Starbucks (NASDAQ:SBUX) announced this week that it will be closing, moving, or otherwise reformatting 400 stores across North America. Half of the stores impacted will be in Canada.
While it’s hard to gauge precisely what this means in terms of store closures, at the very least it signals a major disruption to normal operating practices. The stock ditched 4.5% on expectations that the company lost US$3.2 billion in revenue last quarter.
So should investors be worried about a store closure contagion in the fast food space? Let’s examine Restaurant Brands (TSX:QSR)(NYSE:QSR) for signs of weakness before deciding whether it’s a better buy than Starbucks.
In terms of performance, Restaurant Brands barely outstrips Starbucks with three-month gains of 6.8% versus the latter’s 5.5%. Restaurant Brands’ share price is down 13% year-on-year – a sharper contraction than Starbucks’ 3.5% dip.
In terms of price, Restaurant Brands is the better value play, with its share price of $77 weighing in at 25 times earnings,versus Starbucks’ $78.50 eclipsing earnings by over 32 times.
Restaurant Brands is also strong play for a mixture of dividend reliability and appealing growth potential. Its payment has been stable through the last five years, growing steadily and covered by an 87% payout ratio. Its 2% forward annual dividend yield is also suitably tasty.
A fast food stock with healthy returns
At the end of the day, there are two sides to every stock: its stats and its story. A company’s story tells investors how that stock might behave based on real-world activities.
A stock’s stats tells investors how an investment might pan out based on a company’s debt, track record, earnings, and outlook relative to both its sector and to the market.
Restaurant Brands’ status as an essential industry stock means that investors have been able to watch some real-world behaviour overlaid with market performance — two factors which do not always add up to the same thing.
Compare and contrast with any business that has been forced to close brick-and-mortar shops and you’ll see that Restaurant Brands is relatively easy to predict.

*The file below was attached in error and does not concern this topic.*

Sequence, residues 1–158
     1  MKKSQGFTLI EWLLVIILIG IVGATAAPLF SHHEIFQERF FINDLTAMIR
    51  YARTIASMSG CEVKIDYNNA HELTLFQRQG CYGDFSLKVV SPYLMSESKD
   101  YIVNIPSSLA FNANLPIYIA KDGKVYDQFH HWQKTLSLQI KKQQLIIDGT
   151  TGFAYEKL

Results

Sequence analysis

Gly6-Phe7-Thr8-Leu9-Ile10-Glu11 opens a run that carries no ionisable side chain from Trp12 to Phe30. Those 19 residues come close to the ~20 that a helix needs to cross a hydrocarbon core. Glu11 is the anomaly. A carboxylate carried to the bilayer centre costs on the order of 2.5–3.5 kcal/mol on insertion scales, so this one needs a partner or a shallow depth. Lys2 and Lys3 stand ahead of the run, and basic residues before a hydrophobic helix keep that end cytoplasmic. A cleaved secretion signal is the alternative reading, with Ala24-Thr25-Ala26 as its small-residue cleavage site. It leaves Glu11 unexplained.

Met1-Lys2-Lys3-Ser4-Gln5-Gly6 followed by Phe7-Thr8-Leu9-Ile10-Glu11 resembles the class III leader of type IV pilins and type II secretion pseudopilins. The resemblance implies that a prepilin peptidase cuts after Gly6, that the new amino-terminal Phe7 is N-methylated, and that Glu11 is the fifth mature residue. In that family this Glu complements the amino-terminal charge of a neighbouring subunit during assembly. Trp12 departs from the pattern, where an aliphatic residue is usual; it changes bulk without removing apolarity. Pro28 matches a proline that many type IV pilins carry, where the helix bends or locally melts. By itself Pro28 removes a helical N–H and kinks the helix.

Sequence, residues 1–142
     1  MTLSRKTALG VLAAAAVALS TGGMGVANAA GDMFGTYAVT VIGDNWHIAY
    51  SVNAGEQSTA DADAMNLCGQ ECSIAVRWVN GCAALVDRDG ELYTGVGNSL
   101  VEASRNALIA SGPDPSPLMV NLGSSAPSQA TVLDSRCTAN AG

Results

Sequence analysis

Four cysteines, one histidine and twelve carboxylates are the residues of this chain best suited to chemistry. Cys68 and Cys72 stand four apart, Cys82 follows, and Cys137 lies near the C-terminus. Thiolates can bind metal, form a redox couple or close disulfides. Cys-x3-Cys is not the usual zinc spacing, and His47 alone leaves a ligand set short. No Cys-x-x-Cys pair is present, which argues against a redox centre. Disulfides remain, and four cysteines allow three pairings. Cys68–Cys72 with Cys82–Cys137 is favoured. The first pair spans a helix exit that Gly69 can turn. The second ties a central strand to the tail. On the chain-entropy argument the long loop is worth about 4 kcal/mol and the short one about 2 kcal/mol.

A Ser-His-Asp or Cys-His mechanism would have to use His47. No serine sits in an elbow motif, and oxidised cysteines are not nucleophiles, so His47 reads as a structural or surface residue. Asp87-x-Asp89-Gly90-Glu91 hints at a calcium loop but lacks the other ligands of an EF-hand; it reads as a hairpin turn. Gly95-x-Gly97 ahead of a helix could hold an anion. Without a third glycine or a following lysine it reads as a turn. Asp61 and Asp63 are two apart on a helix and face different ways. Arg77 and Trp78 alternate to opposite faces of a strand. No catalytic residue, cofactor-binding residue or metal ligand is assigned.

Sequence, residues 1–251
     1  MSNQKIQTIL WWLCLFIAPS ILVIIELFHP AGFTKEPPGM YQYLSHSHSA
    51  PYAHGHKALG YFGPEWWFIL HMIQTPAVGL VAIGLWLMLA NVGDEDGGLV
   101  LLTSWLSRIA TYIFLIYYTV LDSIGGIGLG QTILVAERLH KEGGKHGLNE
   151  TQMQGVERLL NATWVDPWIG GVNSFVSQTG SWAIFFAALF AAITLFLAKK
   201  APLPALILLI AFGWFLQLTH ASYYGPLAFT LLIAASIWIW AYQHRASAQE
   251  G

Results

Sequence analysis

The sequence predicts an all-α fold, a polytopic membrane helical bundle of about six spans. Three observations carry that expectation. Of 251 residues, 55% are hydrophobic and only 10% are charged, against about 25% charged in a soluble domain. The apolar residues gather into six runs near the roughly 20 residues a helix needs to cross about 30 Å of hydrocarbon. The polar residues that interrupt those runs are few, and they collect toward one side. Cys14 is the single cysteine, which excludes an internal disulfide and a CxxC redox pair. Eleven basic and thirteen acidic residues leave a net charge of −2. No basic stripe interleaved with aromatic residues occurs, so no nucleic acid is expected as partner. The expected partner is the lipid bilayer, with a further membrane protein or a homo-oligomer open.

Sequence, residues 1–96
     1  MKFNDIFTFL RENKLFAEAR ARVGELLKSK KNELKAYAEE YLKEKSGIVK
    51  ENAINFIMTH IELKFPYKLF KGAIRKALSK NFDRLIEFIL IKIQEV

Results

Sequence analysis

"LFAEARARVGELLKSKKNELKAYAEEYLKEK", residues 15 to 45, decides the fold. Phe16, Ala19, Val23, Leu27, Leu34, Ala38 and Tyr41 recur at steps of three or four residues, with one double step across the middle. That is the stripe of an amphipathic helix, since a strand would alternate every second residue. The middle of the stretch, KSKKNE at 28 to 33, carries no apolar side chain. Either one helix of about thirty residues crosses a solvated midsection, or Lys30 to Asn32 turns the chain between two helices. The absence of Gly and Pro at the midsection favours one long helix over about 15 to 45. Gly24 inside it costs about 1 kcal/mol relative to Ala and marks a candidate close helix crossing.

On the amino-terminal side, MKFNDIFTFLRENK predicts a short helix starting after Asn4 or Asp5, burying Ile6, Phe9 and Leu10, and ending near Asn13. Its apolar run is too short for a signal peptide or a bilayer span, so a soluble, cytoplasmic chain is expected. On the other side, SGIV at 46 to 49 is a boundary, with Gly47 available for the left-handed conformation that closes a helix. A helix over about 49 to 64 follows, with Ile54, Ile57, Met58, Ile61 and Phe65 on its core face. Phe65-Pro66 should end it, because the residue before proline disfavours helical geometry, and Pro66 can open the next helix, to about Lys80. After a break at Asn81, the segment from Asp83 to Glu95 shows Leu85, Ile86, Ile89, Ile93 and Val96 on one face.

Still, Starbucks’ announcement this week throws a spanner in the works when it comes to these kinds of predictions. A major player in the fast food space suddenly closing or otherwise repurposing so many North American stores is suggestive of a weakening industry.
However, Restaurant Brands shareholders may want to look at the ways in which their company differs from Starbucks before becoming concerned.
Most obviously, Starbucks is heavily weighted by its beverages. It is, first and foremost, a coffee outlet. Restaurant Brands, by contrast, is geared to food. Burger King and Popeyes are focused on food, not coffee-based drinks.
Even Tim Hortons is fairly evenly balanced between coffee and snacks. This diversification reduces risk through broader exposure to consumer staples asset types.
Neither stock is bulletproof, though. Consider Restaurant Brands’ high debt-to-equity ratio of 356%, for instance. Or consider its overvaluation by around 15% compared with projected future cash flows, and high market ratios.
Still, in terms of passive income, outlook, and track record, Restaurant Brands is nevertheless an appetizing investment.
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Fool contributor Victoria Hetherington has no position in any of the stocks mentioned. David Gardner owns shares of Starbucks. Tom Gardner owns shares of Starbucks. The Motley Fool owns shares of and recommends Starbucks. The Motley Fool recommends RESTAURANT BRANDS INTERNATIONAL INC.